Tuna action has been hot both inshore and offshore. Bluefin tuna have been plentiful on traditional twenty fathom structure such as the Hambone, Chicken Bone, Sausages, Massey's Canyon and other lumps along the edges of The Fingers. Bluefins also came from the Jackspot, Twin Wrecks and the 19 Fathom Lump in the Dumpsite. Trolling skirted ballyhoo and artificials such as cedar plugs, Green Machines and squid spreader bars was effective. Recreational anglers are reminded that only one bluefin tuna measuring between 27 inches to less than 59 inches curved fork length may be kept per vessel per day.
Offshore yellowfin catches have been the real highlight. Numerous tuna were spread in 70 to 100 fathoms between the Baltimore and Wilmington Canyons, with a concentration between the 350 and 380 lines. Crews that were on the grounds for first light found slicks, birds and schools of tuna aggressively working squid and baitfish. The best bite was early, but sometimes fish fed throughout the day. A lot of skipjacks and yellowfins short of the 27 inch minimum were mixed in, but plenty of keepers ranging 20 to 50 pounds were caught, along with the occassional 70 to 90 pounder. Tuna responded to trolled ballyhoo, spreader bars and green machines behind birds. Jim Short and the boys on Knot Right were on the spot Saturday for the early morning bite and trolled up their limit of 18 yellowfins to 60 pounds, after being covered up multiple times. The Grizzly had a great overnight trip Saturday. During the darkness, the anglers released 8 large dusky sharks, then when it came light, it was full on with tunas. They ended up with a limit of yellowfins to take home. Captains Brent Wiest and Dave Walker took Katy Did offshore Monday and returned with 11 yellowfins to 45 pounds. Paul Pergeorelis also put a 14.8 pound dolphin in the box on that trip. The Katy Did went back to 70 fathoms Wednesday for 16 more keeper yellowfins and many additional short ones. The anglers had some extra excitement when a 10 foot long Hammerhead shark ate two of their tunas. Back inshore, on the bottom fishing scene, flounder fishing was decent on the Old Grounds between DB and DA Buoys.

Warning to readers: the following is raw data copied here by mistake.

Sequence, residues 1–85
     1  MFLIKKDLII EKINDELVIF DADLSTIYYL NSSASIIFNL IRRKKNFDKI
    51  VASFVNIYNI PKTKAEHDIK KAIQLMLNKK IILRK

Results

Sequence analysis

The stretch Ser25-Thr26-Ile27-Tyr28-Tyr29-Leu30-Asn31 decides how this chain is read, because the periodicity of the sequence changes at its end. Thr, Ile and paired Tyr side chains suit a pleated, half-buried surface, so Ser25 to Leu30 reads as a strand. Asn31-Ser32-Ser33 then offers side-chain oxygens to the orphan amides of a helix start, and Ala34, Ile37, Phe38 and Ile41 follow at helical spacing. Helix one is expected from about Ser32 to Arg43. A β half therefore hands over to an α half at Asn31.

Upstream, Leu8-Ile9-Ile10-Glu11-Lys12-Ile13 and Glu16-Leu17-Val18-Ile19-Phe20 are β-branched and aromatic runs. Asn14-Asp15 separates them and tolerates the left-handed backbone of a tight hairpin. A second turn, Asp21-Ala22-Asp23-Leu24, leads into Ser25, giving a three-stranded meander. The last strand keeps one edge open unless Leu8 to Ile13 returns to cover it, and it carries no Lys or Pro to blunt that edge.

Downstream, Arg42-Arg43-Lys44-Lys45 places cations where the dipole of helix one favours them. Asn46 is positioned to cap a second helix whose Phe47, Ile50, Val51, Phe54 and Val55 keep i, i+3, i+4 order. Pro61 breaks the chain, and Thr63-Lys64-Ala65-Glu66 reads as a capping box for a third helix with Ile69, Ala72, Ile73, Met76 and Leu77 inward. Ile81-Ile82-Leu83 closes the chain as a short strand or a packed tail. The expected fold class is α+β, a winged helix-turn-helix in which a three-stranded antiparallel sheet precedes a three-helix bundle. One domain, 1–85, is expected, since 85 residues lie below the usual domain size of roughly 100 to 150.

Catching was better on days with favorable drift conditions. Three to 4 ounce bucktail jigs tipped with squid strips or cut mackerel worked well. Fluking is shaping up in Delaware Bay too. Anglers who know how and when to work the artificial reefs were successful. Joe Walker, Tom Coyle, Larry Coyle and Joe Coyle drifted at Brown Shoal Wednesday for 12 keepers, including three in the 6 pound class. Will Burdett boated a 6.49 pound flounder at reef 5 aboard the Lil' Angler II. Flounder continue to come from Lewes Canal. John Northeimer checked in a 5.26 pounder he took from the Canal using Gulp! Small boats drifting the Canal had good numbers of flatties, although they had to cull through many throwbacks. Shad darts, speck rigs and other small jigs sweetened with Gulp!, minnows or shiners were effective. Some big flounder were landed from the Indian River inlet jetties. Ryan Wieber brought in an 8 pound 11 ounce doormat that took a Gulp! along the rocks. David Wyszynski was tossing a Storm Shad from the jetty for stripers when a 6 pound 4 ounce flounder inhaled his lure. Fishermen on the Cape Henlopen pier had a few flounder, along with spot and small croakers. Boats drifting along the rocks of the Outer Wall and Ice Breakers got into staripers while casting Storm lures and Bomber plugs in the evening and at night. Stripers were caught on popping plugs along the Canal marsh banks between the Freeman Highway Bridge and Gordon's Pond.